Reacting to the Transportation Safety Board’s recently released Watchlist report, van de Kuijlen said that, given ITB’s involvement in the oil industry, they’ve had very high safety standards in place for quite some time. “For smaller operators though, it would be good to have some kind of safety management system in place to ensure consistency and proper documentation of procedures,” he said and noted the Council of Marine Carriers has been active for a number of years in promoting voluntary SMS programs quite successfully.
When asked about fatigue management, another concern highlighted by the TSB, van de Kuijlen agreed that it was an important issue for the marine industry. “We take a proactive approach to crew management and continually monitor and engage with the crew to identify voyages that require attention from a scheduling or crew compliment perspective,” he said.
Jones Marine Group Ltd.
Reporting for Jones Marine Group, Daryl Jones said that 2018 saw a strong demand for forest products, translating into a solid year of utilization for Jones’ fleet of nine. “Our new build tractor tug, David J, has been well received by the pilots,” he said. “We have a second tractor (Judy J) due to begin construction in March 2019 at Sylte Shipyard.”
Jones also noted the industry-wide challenge of finding qualified people. “With the LNG Canada project in Kitimat moving forward, I do not foresee this situation getting any better in the future,” he added.
Looking forward, while Jones sees some uncertainties, they are not ones that would create a significant down turn for the customers they serve.
North Arm Transportation
Providing an update for North Arm Transportation (NAT), Mathew Stradiotti and Les Johnston reported on a consistent and “fairly busy” year, adding a caveat for late summer being affected by the fire season. “We support a number of coastal forestry contractors, including helicopter operators. A number of the contractors had to stop operating due to fire danger for part of the summer and the helicopter operators were deployed to fight fires,” said Stradiotti. Johnston added that, hearing from his contacts within the forestry industry, work is expected to ramp up into the winter.
Fleet-wise, NAT has continued with its regular vessel maintenance program. The North Arm Wrestler and North Arm Wave both underwent refits in the past year and the North Arm Prowler is scheduled for refit in January.
NAT has seen a general increase in activity on the mid-coast and in the Kitimat area as well as Vancouver. “Rio Tinto T2 project has been twinning their existing 65-year-old tunnel which supplies water for hydro generaton and we have been helping their contractors with freight support and now they’re ready to start tunnelling. Between that and the start of the LNG Canada project, cement shipments have increased and should be consistent into 2019,” said Johnston, adding that the main contractor for the LNG Canada project, Fluor, will be taking over the LNG Canada site in March 2019 and activity will start to unfold from there.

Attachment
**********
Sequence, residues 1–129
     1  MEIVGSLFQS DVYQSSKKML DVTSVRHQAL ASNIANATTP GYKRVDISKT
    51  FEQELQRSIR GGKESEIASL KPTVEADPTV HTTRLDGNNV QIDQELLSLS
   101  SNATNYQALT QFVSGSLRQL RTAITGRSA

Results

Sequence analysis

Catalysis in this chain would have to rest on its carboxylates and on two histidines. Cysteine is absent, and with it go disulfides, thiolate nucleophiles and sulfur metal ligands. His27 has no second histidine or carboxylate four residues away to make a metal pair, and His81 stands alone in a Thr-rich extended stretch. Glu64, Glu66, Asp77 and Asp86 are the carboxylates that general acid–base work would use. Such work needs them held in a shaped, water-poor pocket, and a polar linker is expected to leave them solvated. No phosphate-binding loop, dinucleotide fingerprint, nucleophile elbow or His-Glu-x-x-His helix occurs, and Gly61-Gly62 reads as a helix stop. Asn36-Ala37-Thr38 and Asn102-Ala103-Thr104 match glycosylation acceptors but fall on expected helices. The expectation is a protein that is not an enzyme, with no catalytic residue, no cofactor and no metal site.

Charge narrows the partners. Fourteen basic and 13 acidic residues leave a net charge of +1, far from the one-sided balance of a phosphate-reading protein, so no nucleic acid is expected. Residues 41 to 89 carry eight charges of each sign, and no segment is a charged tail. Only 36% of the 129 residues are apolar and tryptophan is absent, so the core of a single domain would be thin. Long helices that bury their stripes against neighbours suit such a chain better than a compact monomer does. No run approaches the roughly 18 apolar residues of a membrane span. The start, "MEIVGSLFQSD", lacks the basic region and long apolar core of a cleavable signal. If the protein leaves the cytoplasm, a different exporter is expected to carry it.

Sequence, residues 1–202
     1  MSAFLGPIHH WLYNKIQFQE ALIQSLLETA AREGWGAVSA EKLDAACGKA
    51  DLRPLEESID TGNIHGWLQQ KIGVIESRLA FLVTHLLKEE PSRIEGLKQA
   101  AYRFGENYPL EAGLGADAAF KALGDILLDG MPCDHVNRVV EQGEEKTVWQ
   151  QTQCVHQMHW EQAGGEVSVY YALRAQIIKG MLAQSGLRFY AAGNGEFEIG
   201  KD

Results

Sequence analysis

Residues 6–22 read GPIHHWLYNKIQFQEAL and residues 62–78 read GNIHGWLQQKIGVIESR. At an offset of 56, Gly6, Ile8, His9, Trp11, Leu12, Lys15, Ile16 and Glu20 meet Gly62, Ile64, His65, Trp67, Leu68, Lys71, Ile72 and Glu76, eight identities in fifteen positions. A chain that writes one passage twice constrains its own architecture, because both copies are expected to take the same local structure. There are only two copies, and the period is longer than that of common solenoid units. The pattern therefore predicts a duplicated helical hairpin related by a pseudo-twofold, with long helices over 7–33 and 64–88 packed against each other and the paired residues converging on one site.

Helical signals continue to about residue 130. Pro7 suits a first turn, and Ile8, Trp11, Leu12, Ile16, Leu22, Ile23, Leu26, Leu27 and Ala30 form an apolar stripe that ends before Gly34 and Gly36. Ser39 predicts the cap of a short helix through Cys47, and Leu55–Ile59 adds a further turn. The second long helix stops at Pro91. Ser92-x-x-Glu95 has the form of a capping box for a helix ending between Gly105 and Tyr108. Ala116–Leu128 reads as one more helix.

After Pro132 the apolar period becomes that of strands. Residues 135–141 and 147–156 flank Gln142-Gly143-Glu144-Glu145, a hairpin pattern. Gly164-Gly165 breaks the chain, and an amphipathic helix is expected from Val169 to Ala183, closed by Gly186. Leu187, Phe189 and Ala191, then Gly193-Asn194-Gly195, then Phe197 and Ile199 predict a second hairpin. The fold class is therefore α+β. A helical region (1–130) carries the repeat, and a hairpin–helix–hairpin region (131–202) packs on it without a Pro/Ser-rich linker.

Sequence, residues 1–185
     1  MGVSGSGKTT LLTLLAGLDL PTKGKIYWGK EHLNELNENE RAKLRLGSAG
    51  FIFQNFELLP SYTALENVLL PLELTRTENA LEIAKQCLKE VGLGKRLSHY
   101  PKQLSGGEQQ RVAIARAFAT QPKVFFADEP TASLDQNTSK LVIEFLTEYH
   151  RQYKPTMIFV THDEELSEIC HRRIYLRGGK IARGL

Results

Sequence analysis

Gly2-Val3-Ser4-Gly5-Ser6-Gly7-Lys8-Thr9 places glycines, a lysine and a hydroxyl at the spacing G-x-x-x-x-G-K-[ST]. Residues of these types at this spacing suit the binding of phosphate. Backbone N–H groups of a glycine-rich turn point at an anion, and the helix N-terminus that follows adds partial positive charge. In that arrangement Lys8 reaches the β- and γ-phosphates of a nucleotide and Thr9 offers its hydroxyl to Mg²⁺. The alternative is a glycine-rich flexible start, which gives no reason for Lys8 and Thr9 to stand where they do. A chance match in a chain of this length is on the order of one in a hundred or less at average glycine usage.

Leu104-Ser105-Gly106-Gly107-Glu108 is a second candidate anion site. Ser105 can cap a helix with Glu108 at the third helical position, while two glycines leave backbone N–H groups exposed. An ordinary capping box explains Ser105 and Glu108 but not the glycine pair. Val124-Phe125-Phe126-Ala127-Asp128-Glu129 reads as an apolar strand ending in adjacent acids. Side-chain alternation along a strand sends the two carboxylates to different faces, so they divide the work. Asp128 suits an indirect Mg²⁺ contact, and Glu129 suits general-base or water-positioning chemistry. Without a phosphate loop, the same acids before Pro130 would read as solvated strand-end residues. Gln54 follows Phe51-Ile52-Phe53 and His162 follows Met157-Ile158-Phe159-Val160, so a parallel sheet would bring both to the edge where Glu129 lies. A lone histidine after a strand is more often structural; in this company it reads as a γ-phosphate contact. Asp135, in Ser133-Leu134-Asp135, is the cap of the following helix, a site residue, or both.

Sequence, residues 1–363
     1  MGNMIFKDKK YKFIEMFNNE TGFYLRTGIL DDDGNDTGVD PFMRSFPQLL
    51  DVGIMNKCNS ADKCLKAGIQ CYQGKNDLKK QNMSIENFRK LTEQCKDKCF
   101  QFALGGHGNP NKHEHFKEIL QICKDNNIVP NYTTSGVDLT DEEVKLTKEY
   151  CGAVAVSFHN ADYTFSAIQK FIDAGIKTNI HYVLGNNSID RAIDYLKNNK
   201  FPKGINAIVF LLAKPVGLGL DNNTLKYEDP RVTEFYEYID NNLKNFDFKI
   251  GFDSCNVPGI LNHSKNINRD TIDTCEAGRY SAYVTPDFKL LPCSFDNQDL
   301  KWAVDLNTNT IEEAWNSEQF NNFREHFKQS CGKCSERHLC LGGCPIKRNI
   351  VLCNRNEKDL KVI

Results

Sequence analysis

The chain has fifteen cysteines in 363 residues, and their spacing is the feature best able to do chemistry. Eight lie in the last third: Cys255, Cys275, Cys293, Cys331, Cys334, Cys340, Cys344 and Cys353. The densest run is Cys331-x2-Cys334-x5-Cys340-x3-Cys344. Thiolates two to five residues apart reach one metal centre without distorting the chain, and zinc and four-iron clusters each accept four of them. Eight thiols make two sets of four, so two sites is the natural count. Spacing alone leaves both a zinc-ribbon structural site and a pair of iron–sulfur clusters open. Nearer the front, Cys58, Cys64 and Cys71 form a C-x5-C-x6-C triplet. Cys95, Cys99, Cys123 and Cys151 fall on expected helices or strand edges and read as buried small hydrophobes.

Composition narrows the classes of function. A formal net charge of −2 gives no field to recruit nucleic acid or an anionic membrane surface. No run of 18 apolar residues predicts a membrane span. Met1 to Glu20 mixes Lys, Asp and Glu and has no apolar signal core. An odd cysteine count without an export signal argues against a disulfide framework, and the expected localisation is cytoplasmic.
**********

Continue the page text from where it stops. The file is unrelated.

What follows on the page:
While being “cautiously optimistic” on their involvement with the LNG Canada project, Johnston further noted their regular core business of delivering fuel and freight into the mid coast and north coast has been consistent as has the short sea shipping route it runs for DP World between Vancouver and Nanaimo.
Recruitment continues to be an issue, not just for NAT but for many companies. “Everyone I talk to — in the marine industry and elsewhere — is having a difficult time finding good people” said Stradiotti. “We’re fortunate to have a good group of people at NAT but we’re always looking for more.”
Both Stradiotti and Johnston were pleased to see the latest Transportation Safety Board Watchlist recommendations on fatigue and mandatory safety systems for the marine industry. “We have a management system based in the IMO International Safety Management Code that addresses safety, crew scheduling as well as care for the environment,” said Stradiotti. “We have external auditors including Lloyds Register that come in to validate our work so we’re familiar with a formal focus on safety. If applied consistently across the industry, regulation would level the playing field in terms of competition.” In response to the Nathan E. Stewart grounding, Stradiotti notes an increase in preventative measures such as wheelhouse alarms are being adopted. “Overall, as long as any regulations are well thought through, we feel it will be positive for the industry.”
SAAM SMIT Towage Canada
The big news for SAAM SMIT Towage Canada is the imminent delivery of two new vessels from Hong Kong’s Cheoy Lee Shipyards and a third coming this spring from Turkey’s Uzmar Shipyards. All three tugs are designed by Robert Allan Ltd. The SST Orca and SST Grizzly, scheduled to arrive in late November are RAstar 3200 tugs with the third, as yet unnamed tug, a RAstar 3200W (a bit wider than the regular 3200 series). The third tug will be put into service in Prince Rupert roughly by the middle of March.
According to Captain Mark Bingham, Vice President of Operations, that will bring the total fleet size to 25 and a total investment since 2014 of nearly $100 million which includes the SST Salish and SST Capilano built by ABD Boats (designed by A.G. McIlwain) in North Vancouver in 2016/2017. While both are harbour tugs — 22 metres in length 68 tonnes of bollard pull —the three new tugs are escort tugs and significantly larger — 32 metres in length with 84 tonnes of bollard pull.
“The Capilano and Salish are great harbour tugs and well-liked by Pilots, while these new escort tugs demonstrate our commitment to serving deep-sea vessels calling B.C. ports and projects that may come online over the next few years, particularly in the oil and gas sectors,” Bingham said, adding that the energy resource majors expect very high standards across their entire supply chain. “Robert Allan Ltd. designs are recognized around the world and Cheoy Lee and Uzmar have built over 100 Robert Allan Ltd. tugs so their experience and reputation together are well known for very high quality.”